You mentionned that this course is offered by the Bill and Melinda Gates foundation. Are charitable organisations the main source of income of MOOCs? Or are the more long-term business models dominating (like charging employers)?
          There is a lot of debate surrounding MOOC, as you mentionned, so I’m looking forward to reading your thoughts!

          1. Thanks for the kind words!

            Often universities cover the costs to mount a MOOC … the cost is typically in the $30Gs range. We’ll get to that in upcoming blogs 🙂 Early MOOCs tended to be on very technical topics, like artificial intelligence or computer programming. The Bill and Melinda Gates Foundation very much liked the idea of open assess to quality education, but they felt there was a need for more entry level, general interest courses. So they put out a funding competition whereby interested institutions could suggest courses they would mount, and mine was one of two courses at the University of Toronto who they decided to fund. Thanks!!

            So no, not all MOOCs are sponsored by the Gates Foundation, just a subset.

  2. Hi Steve! I’m amazed with the course, I’ve already posted about it on the discussion forum… About how your course is increasing my interest in psychology field and about your outstanding way of teaching…really passionate… It’s been an fantastic experience… Thank you…

    1. Psychology is an easy course to teach … as you’re discovering, there is a lot of really interesting stuff in any Introductory Psychology course. I consider myself very lucky to get to teach this to all of you.

  3. Well…. I saw “TVO Best Lecture Talk on Critical Thinking and Eating Meat” a couple days ago and haven’t eaten meat since….. It got me thinking, and that led me to look for information. I wasn’t expecting a Psychology course to change my life that way… 🙂 …
    Congratulations on your MOOC! I am loving it!

    1. Wow Mere … for me, it was Mark Rowlands, Philosopher from Miami and author of many books, who messed up my head and got me thinking and learning about where my food came from. Responses like yours are extremely humbling.

  4. Dear Prof Steve, you are leading a fantastic MOOC for us!
    I am loving your style of teaching and your approach overall to the subject. You make learning lot of fun, and are trying to deploy quite some interesting tools in our hands, which has doubled my interest in the course!
    One can clearly see the efforts and thought that must have gone into organizing this course..I really loved the surveys during first week, and things seem to be getting much more interesting as we move forward.
    I look forward to see you on the videos, and also to read your posts & side dish videos as soon as they are published. I love the way you come in front of us and offer your perspectives on some of the issues we actively discuss on the forum. Its enlightening!

    You come across as a very genuine, open and honest person. I feel there’s much more than just psychology to learn from you. I wish I was a full-time student at this time!
    Thank you for this wonderful experience Steve!!

    1. Thank you Ruta! Infact you actually wrote for most of us who are part of this fantastic journey lead by Steve. I am proud being part of this fabulous team and being called Cannibals :). Thank you.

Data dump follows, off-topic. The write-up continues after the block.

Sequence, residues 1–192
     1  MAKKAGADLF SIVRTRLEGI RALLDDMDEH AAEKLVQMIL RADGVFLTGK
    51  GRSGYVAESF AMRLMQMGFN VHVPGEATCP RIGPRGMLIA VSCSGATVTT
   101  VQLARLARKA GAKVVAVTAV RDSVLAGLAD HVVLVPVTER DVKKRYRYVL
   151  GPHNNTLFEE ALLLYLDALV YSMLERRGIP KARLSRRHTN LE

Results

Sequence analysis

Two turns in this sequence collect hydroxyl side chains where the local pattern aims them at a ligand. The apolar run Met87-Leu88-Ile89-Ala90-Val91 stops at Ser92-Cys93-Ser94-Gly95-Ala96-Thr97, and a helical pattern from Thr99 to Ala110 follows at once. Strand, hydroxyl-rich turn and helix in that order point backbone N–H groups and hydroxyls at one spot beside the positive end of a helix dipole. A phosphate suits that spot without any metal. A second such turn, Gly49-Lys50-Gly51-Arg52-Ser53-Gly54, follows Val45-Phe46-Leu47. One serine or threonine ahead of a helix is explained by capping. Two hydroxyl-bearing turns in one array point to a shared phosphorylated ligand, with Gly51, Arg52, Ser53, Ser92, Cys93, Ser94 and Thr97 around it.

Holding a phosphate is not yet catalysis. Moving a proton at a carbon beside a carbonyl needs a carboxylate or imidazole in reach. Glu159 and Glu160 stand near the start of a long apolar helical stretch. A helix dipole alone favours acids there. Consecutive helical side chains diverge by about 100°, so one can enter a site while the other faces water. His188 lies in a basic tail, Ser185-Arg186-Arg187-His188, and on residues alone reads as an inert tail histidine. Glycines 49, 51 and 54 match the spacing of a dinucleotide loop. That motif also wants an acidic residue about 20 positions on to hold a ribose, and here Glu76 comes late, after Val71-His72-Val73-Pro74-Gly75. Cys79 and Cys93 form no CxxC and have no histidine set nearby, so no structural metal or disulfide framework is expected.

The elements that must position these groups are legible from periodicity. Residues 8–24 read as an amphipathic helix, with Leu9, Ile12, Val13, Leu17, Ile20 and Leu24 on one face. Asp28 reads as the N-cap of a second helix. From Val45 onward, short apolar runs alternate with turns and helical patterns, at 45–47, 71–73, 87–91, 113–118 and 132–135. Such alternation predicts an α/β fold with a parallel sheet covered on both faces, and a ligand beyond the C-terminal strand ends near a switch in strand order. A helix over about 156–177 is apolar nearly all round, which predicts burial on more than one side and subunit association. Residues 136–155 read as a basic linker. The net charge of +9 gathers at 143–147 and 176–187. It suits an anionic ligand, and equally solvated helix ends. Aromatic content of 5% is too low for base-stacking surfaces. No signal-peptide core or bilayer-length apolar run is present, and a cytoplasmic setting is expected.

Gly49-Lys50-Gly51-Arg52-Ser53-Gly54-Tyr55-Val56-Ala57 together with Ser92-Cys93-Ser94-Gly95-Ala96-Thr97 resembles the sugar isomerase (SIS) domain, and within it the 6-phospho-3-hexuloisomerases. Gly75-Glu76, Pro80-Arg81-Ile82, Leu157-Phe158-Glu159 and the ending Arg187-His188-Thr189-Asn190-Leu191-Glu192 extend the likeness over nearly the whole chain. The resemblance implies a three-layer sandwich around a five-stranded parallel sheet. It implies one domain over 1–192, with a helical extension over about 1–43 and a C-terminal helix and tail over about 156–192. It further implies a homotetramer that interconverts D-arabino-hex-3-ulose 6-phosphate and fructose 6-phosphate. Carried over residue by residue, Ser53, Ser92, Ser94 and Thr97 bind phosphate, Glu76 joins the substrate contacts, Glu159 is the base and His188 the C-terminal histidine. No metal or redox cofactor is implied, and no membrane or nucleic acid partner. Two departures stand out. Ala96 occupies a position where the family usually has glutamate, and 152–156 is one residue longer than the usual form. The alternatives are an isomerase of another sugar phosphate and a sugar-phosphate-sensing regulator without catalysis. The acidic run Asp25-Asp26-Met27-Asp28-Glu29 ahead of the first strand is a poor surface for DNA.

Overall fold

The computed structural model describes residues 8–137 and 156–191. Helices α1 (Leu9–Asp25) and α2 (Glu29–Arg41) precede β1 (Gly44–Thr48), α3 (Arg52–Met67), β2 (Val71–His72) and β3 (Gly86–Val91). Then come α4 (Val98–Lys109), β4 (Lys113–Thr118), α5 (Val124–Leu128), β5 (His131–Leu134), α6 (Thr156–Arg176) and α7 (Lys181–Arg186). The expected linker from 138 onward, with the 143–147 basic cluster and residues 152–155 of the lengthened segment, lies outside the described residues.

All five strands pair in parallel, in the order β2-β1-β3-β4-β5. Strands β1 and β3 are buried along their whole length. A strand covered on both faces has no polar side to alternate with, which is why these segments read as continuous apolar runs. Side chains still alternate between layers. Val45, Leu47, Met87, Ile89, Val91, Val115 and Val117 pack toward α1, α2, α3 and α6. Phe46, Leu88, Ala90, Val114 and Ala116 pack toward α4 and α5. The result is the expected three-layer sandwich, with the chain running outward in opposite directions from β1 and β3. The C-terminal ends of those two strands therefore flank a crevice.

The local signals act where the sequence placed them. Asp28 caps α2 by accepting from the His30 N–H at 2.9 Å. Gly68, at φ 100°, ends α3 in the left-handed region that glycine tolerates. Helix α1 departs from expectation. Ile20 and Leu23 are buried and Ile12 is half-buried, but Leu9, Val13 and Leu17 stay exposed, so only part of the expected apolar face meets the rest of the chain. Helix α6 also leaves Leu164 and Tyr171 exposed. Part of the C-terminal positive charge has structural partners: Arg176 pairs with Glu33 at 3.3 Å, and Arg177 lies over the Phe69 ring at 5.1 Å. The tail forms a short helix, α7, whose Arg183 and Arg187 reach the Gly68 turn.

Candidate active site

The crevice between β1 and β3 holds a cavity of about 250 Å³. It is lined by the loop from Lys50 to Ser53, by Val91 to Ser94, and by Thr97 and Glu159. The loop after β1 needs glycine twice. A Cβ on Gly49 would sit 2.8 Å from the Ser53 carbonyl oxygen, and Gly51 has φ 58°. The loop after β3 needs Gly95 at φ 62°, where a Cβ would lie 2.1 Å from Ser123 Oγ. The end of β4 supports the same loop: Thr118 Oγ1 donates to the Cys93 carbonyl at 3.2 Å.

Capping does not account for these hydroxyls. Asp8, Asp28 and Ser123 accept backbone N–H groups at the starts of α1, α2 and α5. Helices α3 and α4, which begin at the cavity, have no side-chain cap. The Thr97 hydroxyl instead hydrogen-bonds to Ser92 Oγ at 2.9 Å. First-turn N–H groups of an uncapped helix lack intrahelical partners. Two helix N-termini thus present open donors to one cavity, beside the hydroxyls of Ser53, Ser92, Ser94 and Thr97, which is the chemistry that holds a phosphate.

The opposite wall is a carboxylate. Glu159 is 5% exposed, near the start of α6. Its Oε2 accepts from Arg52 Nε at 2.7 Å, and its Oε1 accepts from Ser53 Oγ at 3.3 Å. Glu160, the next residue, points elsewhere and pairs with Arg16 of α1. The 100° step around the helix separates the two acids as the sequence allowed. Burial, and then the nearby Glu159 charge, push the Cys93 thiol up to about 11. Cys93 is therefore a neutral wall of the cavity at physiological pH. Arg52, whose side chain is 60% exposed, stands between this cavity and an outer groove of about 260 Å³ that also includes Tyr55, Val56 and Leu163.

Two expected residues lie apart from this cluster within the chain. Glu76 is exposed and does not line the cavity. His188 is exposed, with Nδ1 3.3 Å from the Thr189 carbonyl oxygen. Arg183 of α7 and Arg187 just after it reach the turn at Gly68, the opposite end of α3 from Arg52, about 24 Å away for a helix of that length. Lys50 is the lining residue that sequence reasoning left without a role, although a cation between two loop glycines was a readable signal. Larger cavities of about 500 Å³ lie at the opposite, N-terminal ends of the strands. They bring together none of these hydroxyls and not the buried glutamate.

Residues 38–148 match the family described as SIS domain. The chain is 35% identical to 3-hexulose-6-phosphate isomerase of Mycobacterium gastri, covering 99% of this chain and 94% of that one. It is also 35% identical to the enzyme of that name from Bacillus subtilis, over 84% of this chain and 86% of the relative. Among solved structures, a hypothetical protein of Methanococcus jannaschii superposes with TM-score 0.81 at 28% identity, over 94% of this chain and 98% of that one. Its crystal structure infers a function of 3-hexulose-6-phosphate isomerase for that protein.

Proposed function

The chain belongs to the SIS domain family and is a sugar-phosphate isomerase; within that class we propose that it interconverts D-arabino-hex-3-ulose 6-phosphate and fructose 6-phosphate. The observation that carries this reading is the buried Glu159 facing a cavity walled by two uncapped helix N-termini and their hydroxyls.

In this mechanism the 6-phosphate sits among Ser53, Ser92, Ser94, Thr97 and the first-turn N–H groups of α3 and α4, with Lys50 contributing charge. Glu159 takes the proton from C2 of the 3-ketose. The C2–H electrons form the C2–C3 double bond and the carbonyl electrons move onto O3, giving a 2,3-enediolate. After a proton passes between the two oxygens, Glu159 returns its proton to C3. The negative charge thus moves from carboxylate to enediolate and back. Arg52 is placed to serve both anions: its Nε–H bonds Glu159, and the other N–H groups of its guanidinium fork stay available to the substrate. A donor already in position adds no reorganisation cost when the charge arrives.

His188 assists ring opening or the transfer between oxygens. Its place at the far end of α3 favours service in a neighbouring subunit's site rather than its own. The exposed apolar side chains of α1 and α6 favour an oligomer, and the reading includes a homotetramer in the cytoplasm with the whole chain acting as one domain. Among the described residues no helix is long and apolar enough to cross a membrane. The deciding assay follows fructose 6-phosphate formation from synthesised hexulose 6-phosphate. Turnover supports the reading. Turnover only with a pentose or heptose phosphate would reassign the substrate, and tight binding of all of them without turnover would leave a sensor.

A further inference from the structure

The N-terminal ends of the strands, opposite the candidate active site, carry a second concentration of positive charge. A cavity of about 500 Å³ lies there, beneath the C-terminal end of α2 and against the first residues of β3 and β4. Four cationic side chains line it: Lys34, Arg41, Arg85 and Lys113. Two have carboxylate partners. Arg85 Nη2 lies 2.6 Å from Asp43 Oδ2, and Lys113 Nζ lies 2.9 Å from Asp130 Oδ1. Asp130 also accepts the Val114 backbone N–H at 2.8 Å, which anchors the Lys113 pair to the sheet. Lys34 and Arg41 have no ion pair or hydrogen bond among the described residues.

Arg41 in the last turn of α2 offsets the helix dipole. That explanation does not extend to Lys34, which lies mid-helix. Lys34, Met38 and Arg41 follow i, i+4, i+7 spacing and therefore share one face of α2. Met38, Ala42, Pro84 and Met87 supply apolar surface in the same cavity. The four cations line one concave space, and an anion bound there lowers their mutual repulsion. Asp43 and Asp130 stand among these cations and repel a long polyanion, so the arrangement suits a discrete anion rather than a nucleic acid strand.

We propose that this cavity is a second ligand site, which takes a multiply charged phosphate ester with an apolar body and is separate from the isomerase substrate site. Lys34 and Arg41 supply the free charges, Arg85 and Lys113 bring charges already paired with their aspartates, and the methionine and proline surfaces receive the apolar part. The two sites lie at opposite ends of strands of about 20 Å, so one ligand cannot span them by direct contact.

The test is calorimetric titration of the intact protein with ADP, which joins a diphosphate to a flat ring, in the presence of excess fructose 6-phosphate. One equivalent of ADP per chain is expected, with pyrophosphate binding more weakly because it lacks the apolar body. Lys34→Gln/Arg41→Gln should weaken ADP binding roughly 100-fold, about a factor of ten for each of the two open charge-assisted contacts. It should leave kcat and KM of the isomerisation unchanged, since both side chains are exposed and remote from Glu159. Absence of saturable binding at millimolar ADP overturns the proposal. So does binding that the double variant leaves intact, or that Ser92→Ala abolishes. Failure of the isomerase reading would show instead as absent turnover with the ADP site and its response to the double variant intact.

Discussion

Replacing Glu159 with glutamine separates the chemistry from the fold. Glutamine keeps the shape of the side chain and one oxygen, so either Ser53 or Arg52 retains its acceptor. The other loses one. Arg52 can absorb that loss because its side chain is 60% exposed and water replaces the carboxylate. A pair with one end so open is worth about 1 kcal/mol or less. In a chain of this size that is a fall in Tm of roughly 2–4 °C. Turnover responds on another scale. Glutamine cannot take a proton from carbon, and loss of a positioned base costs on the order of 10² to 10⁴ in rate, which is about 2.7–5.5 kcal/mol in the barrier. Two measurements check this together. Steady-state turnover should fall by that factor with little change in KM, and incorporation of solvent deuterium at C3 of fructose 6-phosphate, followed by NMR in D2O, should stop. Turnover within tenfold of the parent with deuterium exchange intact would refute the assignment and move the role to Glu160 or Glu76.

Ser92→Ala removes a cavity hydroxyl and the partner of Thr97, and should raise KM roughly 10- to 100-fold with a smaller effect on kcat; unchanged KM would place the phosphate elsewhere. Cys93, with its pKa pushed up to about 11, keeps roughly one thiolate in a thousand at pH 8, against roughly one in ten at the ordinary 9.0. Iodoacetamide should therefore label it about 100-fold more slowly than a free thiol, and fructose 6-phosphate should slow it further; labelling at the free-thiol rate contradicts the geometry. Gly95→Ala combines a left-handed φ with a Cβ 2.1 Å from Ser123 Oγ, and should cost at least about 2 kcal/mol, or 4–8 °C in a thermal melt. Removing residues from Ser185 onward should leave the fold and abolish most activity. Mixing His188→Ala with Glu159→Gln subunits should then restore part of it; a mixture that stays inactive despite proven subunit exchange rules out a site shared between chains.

5. I’m (re)taking your Intro Psych MOOC course with my 14-year-old son to observe what I expected to be best practice in both lecture style and online tools. I haven’t been disappointed. We are both very impressed by your charismatic, engaging and genuine lecture style, and all the extra offerings so far.
    Keep up the great work!

  6. I am really enjoying the lectures and the style of teaching on this course. Yes, there have been some teething problems( I still cannot submit my hypothesis on Digitallabcoat and my links don’t work) but I am loving the opportunity to learn. I could not afford this course at the moment if it was not free so I am very appreciative!

    The side lecture on evolution and creationism was the clearest and most succinct explanation I have ever heard. The two notions have not sat so easily with me before. The test of how good it was was that I could explain it myself afterwards. The tips on respecting other’s opinions was also good and helpful in our daily living.

    I love the idea that we can request some answers and topics…Wow!
    On that topic I am not sure where to post this so I will mention it here. Within 2 months I lost my Dad and my Aunt. My Dad died 9 days after prostate cancer was diagnosed. Earlier that month his companion of 35 years died. He did not know she had cancer also. Both my father and Aunt “saw” people who were dead in the days before they died. My father asked if his companion had been sitting there. I am not sure if he was aware of the fact she had died at the time. Apparently, this is a well-known phenomenon to palliative care workers. I wonder if you could provide some theories as to what may be going on in the brain in the last few days and hours of life. I know some would believe in a spiritual explanation but I am looking for a scientific one. In neither case did the dying person exhibit fear. My father asked very casually. Yes, the last 18 months have been rough!
    Thanks so much for running this course.

    1. I added this to the suggestions for Week 8 … and thanks to you I’ve started reading “On Death and Dying”. It really is amazing how seldom most of us deeply consider our own mortality. I’m finding the book really thought provoking … makes me feel like I should be spending some time in palliative care facilities just chatting with patients and giving them the respect they deserve.